THE ULTIMATE GUIDE TO SQUALANE

INCI Name: Squalane.


Biochemistry: Squalane has the molecular formula of C30H62. Squalane is an intermediate in the biosynthesis of cholesterol. Squalane permeates into the skin at a rate of 2 mm/second. 


We often are asked about some of the ingredients in our Nerys formulations, and in particular, why do we use Squalane?  


What is Squalane?


Squalane is often called "Nature's Facelift.  Squalane is a botanical lipid that is duplicate

in molecular structure and weight to human sebaceous lipids (scientists found that the

skin's sebaceous glands synthesized approximately 10-12% squalane). Squalane is extremely compatible with the skin and is safe for all skin types (1).


(SqualANE) is the hydrogenated version of SqualENE.  Squalane doesn't just mimic sebum as with jojoba wax but IS a component of human sebum (57.5% triglycerides, 26% wax esters, 12% squalene, 10% free fatty acids, cholesterol and its esters). The animal-derivedd version is from sharks and the vegetable version is 100% olive-based (olive oil unsaponifiable containing phytosterols and free tocopherols).  Small quantities of squalene are also found in wheat germ oil, rice bran oil, and yeast. Compared to Squalene, Squalane has an excellent shelf life.


Olive based squalane has the identical chemical structure as squalane sourced from the shark liver. It has a defined molecular structure and is an ideal emollient for skincare, because it is present in nature and in human skin at a level of up to 2.6 per cent. 


SqualANE is obtained by catalytic hydrogenation of squalENE. It is highly stable and is used as a cosmetic emollient and a carrier of lipid-soluble actives. The unstable version of olive squalANE is SqualENE.


Squalene is an unsaturated hydrocarbon (C30H50) that is present in vegetable oils, and especially in fish oil. It was traditionally extracted from shark liver oil (up to 60 per cent squalene). It is of large interest for cosmetics as it is found in human sebum at a level of 12%.  It is even used as a measure of the sebum production rate.  Although the exact function of the sebaceous glands is still being explored, sebum is said to help keep the skin supple and moisturized and to form a protective coat against fungi and bacteria on the skin.


Why do we use squalene in our skincare formulations?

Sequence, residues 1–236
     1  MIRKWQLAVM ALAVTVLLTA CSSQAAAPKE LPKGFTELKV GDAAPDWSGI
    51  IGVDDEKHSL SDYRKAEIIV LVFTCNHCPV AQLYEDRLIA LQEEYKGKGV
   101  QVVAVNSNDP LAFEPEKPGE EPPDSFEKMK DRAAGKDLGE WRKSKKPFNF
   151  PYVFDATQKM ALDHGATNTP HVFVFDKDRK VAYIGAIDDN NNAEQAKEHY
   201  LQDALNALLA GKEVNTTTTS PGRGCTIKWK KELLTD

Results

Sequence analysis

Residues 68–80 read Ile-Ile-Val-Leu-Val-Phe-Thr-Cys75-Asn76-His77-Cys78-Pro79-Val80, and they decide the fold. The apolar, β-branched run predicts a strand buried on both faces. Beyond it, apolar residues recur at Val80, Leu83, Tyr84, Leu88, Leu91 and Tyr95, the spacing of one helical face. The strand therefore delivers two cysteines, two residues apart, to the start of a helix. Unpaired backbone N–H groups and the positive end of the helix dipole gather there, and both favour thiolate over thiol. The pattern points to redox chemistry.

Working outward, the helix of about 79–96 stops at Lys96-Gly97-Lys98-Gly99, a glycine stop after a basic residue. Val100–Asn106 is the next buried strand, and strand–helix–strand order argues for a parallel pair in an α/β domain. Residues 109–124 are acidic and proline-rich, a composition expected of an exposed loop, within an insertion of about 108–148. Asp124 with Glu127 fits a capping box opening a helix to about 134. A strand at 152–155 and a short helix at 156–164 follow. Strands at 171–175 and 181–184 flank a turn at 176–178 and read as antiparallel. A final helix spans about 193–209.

Squalane is a clear, colourless and odourless oil and has a high stability against oxidation (1).  Squalane is a highly active and stable material. It is incorporated in preparations between 2-15% of the product.  Squalane performs extremely well and is one of the most stable lipids in cosmetics.  Squalane offers high compatibility with all kinds of lipids while imparting a non-toxic, light, delicate, non-greasy, soft, silky feel to the skin. It’s a wonderful emollient oil, spreading easily, penetrates quickly and is non-irritant (CIR expert panel - 1982). It is a great natural emollient, restoring the skin suppleness and flexibility. It is also an excellent pigment dispersing agent and a valuable fixative for perfumes.  Due to its excellent emollient properties, Squalane is both a treatment and carrier oil.  Additional treatment ingredients can be carried into deeper layers of the skin with the aid of squalene.


Squalane and Skin Problems


It has been our experience for many years that squalane will clear up difficult skin problems (eczema, dermatitis, rashes, etc.) when nothing else helps very much. Squalane is non-irritating, even if applied onto sensitive skin at 100%. Squalane is an excellent wound healer and can be applied on skin cracks, which are a significant health issue in the winter as germs can easily enter the body through cracked fingers/hands that have dried out from cold conditions. Squalane soothes sensitive skin and is a helpful treatment oil in post-operative skin. 


Squalane has these unique abilities because oil is a naturally occurring and major factor in skin lubrication.  Squalane has unique anti-aging properties boosting cell regeneration and has excellent antibacterial properties. The unique emollient function softens the skin and helps smooth small facial wrinkles.


A final but important benefit of squalene compared to other oils (such as rosehip or sunflower oil) is that most cosmetic oils oxidise quickly (unlike squalene), and the oxidation will actually age the skin. Squalane stabilises the oxidation process making it a great way to prevent acne, Malassezia and helps with pore reduction.


With such amazing benefits, we had to include this master oil into both our night and day creams and we hope you enjoy it!!


Marc Purchon

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